For the youth of today, when you talk about Spain, what easily comes to their mind are the legendary football clubs, Real Madrid and Barcelona. Two major football clubs that provide entertaining football on weekly basis to their fans.
However, the story of Spain goes beyond football. It is the story of a civilisation whose impact continues to be relevant today. By God’s providence, I enrolled for a study in one of the leading tertiary institutions in Spain, the IE Business School back in 2014. For the next 18 months, I came to understand the people, culture and educational system of this former empire called Al-Andalus.
Its a multi-campus programme between Madrid, Jeddah, Boston and Berkeley. Of course, the primary aim of visiting these cities was to receive lectures, but at the back of my mind was also to explore the historical edifices that still attract attention and provide interesting lessons in history.
On arrival in Madrid, the university surprised us with a number of historical visits within the city. The biggest surprise from the perspective of the coordinators was an official tour of the Santiagou Bernebeu, the stadium of Real Madrid.
While we appreciate the effort of the school administrators, my mind was elsewhere. Having read about the contribution of Andalusia to the development of science, education, arts, literature, and how this former empire contributed in shaping the technological advancement of the Western World, my heart was thinking about one city, Cordoba or Kurduba as it is known in the Muslim World.
But before sharing the story of Cordoba, let us go back to Madrid. Madrid is currently the capital of Spain and the city has undergone several transformations. Although one of the leading cities in the Europe, historical sources have documented the origin of the name of the city, part of which was from the Arabic term, Almajrit. The Arabs gave it this name due to the proximity of the city to a river.
It is also on record that the city has produced famous scientists whose contributions remain relevant to date. Such scientists include Abul Qasim, Masalama, Al-Qurtubi Al-Majriti. Almajriti was an astronomer, chemist, economist and Islamic scholar.
According to the Islamic encyclopedia: “Al-Majriti’s work in Chemistry had indeed produced some momentous contributions. He is greatly credited for his notable chemical treatise, Rutbat al-Hakim, which, amongst other things, described formulae and procedures for the purification of precious metals. It is in this work that Maslama attempted to prove the principle of mass conservation, credited eight centuries later to Lavoisier. Exact details of such attempts are not available at the present time, yet inferences from his experiment on Mercury prove that he was alert to the almost non-existent change in the weight of the mass after the reaction.”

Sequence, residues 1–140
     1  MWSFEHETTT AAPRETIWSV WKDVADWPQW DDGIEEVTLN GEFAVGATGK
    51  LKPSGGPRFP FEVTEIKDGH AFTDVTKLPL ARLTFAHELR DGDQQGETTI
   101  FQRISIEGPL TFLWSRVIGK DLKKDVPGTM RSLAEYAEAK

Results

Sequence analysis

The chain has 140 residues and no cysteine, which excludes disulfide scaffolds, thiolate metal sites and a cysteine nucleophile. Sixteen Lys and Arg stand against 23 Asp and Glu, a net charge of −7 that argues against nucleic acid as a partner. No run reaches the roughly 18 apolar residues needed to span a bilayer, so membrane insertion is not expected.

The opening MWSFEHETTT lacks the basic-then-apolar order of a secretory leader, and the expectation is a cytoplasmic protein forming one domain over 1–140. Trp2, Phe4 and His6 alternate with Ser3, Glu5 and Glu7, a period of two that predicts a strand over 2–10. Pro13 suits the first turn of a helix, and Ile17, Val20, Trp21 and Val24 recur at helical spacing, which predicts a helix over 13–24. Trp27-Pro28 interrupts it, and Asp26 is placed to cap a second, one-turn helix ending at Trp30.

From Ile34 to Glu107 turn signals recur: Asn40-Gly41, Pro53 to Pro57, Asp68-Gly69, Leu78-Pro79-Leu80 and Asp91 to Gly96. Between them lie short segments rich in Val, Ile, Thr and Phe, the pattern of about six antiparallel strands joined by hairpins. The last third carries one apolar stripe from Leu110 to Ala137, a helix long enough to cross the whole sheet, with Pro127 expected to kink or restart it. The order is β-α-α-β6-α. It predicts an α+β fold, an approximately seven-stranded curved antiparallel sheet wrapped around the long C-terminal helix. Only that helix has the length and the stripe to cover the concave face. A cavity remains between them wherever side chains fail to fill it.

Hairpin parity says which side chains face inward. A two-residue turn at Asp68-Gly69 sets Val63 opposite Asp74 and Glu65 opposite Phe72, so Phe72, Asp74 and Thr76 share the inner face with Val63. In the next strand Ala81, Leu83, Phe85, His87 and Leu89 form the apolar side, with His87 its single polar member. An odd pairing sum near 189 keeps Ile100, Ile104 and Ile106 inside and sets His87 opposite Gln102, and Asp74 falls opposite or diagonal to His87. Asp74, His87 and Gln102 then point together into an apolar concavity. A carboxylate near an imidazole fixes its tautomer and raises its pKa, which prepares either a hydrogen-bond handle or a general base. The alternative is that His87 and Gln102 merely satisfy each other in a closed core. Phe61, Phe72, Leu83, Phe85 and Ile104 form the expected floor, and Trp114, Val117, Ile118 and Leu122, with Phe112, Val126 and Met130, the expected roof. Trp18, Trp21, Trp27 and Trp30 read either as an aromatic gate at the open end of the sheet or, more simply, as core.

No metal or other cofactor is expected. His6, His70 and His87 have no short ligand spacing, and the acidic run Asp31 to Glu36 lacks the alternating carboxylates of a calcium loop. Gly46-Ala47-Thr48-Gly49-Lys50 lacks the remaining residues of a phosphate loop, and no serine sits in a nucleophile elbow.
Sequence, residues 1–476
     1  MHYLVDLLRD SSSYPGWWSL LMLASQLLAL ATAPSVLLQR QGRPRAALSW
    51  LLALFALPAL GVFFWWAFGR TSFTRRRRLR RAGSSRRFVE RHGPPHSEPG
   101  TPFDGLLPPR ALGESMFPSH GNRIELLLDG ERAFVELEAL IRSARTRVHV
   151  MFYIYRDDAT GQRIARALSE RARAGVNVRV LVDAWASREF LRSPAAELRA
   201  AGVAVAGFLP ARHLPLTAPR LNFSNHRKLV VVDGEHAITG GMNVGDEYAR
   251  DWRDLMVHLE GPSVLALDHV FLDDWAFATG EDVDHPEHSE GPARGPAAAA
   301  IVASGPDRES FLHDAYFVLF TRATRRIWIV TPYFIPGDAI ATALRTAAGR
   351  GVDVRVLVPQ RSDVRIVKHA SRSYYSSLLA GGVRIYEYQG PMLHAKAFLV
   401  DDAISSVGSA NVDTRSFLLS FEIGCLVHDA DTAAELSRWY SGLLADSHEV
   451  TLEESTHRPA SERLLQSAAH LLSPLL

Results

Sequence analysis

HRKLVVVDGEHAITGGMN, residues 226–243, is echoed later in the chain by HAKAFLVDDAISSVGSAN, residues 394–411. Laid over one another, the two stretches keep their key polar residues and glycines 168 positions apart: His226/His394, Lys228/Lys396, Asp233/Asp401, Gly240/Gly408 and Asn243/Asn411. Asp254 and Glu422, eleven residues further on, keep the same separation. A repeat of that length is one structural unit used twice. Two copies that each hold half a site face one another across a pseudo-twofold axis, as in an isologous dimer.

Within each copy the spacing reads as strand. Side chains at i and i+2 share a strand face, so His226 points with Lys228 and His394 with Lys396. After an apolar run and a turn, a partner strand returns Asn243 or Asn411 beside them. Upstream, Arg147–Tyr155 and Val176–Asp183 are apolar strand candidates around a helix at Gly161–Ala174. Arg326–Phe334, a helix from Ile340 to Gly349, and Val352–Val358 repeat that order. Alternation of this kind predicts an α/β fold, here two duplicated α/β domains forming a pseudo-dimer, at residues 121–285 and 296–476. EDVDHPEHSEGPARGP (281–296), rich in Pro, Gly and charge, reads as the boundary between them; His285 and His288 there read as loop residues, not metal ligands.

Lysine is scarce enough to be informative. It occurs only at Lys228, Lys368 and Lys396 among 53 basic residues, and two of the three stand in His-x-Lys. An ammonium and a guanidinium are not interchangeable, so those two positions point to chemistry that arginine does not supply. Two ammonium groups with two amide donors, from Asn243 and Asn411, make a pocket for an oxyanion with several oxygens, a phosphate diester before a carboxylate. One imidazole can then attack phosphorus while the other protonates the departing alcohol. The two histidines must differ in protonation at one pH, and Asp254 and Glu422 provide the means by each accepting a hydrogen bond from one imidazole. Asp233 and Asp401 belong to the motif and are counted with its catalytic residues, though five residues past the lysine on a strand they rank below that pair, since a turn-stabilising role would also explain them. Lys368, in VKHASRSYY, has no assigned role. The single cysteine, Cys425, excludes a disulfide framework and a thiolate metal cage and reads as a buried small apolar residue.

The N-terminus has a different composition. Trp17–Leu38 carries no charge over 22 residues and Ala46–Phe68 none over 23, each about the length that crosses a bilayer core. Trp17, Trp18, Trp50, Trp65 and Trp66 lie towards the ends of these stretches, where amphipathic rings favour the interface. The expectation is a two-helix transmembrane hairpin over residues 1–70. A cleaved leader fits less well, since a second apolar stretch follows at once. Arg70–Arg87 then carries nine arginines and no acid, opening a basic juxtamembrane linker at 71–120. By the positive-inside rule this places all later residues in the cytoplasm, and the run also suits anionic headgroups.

In fact, his classical book, Kitab Ghayat Al-Hakim (the goal of the wise) has been made available by University of Pennsylvania’s online library through the Hathi Trust for those who might be interested.
Therefore, as we prepared on the morning of the visit to Santiago Bernebeu in the autumn of 2014, I knew that I was working through history. That the story of Madrid and Spain outweighs the popularity and prowess of Cristiano Ronaldo, and more skillful intellectuals have been produced, whose contribution by far eclipsed the dribbles of Lionel Messi. Of course nothing would be taken away from both Ronaldo and Messi, but certainly there were heroes from various ethnicities, nationalities and faiths that made the story of Spain possible.
As we disembarked from the bus that brought us to Santiago Bernebeu, about 40 of us from different nationalities – including Nigerians, Egyptians, Saudis, Americans, Indians, Pakistanis, Senegalese, Gambians and many more – almost everyone got himself busy taking pictures of this huge stadium that keeps many people awake in different parts of the world.
It was early in the morning, and we went round very nook and cranny of the stadium. From the football pitch, to the dressing rooms of the players. We saw the preparation area of players, from Ronaldo, Benzema, Rodriquez to Pepe, Bale etc. A replica of La Decema, the 10th Champions League trophy was also on display. In fact it was the centre of attraction.
Next after the visit to the Real Madrid Stadium, was a visit to Sobrino de Botin, believed to be the oldest restaurant in the world according to the Guinness World Book of Record. To be continued.
Muhammad Jameel Yusha’u is an ex-BBC journalist and public affairs commentator.
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